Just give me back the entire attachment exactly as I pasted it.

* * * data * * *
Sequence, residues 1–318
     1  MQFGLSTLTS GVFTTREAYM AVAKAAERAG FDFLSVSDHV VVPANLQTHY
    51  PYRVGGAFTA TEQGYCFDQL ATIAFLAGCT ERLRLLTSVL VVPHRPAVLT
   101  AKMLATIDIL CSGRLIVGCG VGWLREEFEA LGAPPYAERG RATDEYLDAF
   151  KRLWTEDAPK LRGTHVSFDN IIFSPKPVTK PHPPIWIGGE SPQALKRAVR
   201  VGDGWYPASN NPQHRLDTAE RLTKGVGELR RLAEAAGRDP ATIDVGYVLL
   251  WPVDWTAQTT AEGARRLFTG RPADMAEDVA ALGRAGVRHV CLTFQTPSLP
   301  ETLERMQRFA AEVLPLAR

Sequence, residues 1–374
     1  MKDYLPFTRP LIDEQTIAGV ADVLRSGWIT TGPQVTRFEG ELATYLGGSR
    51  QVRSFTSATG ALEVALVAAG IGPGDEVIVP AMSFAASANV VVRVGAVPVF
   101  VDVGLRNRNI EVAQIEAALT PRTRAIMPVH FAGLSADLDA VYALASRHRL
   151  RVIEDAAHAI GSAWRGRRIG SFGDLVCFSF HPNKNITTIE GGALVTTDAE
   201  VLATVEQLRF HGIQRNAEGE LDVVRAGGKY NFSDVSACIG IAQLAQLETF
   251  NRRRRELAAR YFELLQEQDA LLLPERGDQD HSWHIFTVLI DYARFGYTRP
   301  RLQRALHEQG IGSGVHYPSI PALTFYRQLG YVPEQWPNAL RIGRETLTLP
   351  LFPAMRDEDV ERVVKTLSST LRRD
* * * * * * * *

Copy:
Sequence, residues 1–318
     1  MQFGLSTLTS GVFTTREAYM AVAKAAERAG FDFLSVSDHV VVPANLQTHY
    51  PYRVGGAFTA TEQGYCFDQL ATIAFLAGCT ERLRLLTSVL VVPHRPAVLT
   101  AKMLATIDIL CSGRLIVGCG VGWLREEFEA LGAPPYAERG RATDEYLDAF
   151  KRLWTEDAPK LRGTHVSFDN IIFSPKPVTK PHPPIWIGGE SPQALKRAVR
   201  VGDGWYPASN NPQHRLDTAE RLTKGVGELR RLAEAAGRDP ATIDVGYVLL
   251  WPVDWTAQTT AEGARRLFTG RPADMAEDVA ALGRAGVRHV CLTFQTPSLP
   301  ETLERMQRFA AEVLPLAR

Sequence, residues 1–374
     1  MKDYLPFTRP LIDEQTIAGV ADVLRSGWIT TGPQVTRFEG ELATYLGGSR
    51  QVRSFTSATG ALEVALVAAG IGPGDEVIVP AMSFAASANV VVRVGAVPVF
   101  VDVGLRNRNI EVAQIEAALT PRTRAIMPVH FAGLSADLDA VYALASRHRL
   151  RVIEDAAHAI GSAWRGRRIG SFGDLVCFSF HPNKNITTIE GGALVTTDAE
   201  VLATVEQLRF HGIQRNAEGE LDVVRAGGKY NFSDVSACIG IAQLAQLETF
   251  NRRRRELAAR YFELLQEQDA LLLPERGDQD HSWHIFTVLI DYARFGYTRP
   301  RLQRALHEQG IGSGVHYPSI PALTFYRQLG YVPEQWPNAL RIGRETLTLP
   351  LFPAMRDEDV ERVVKTLSST LRRD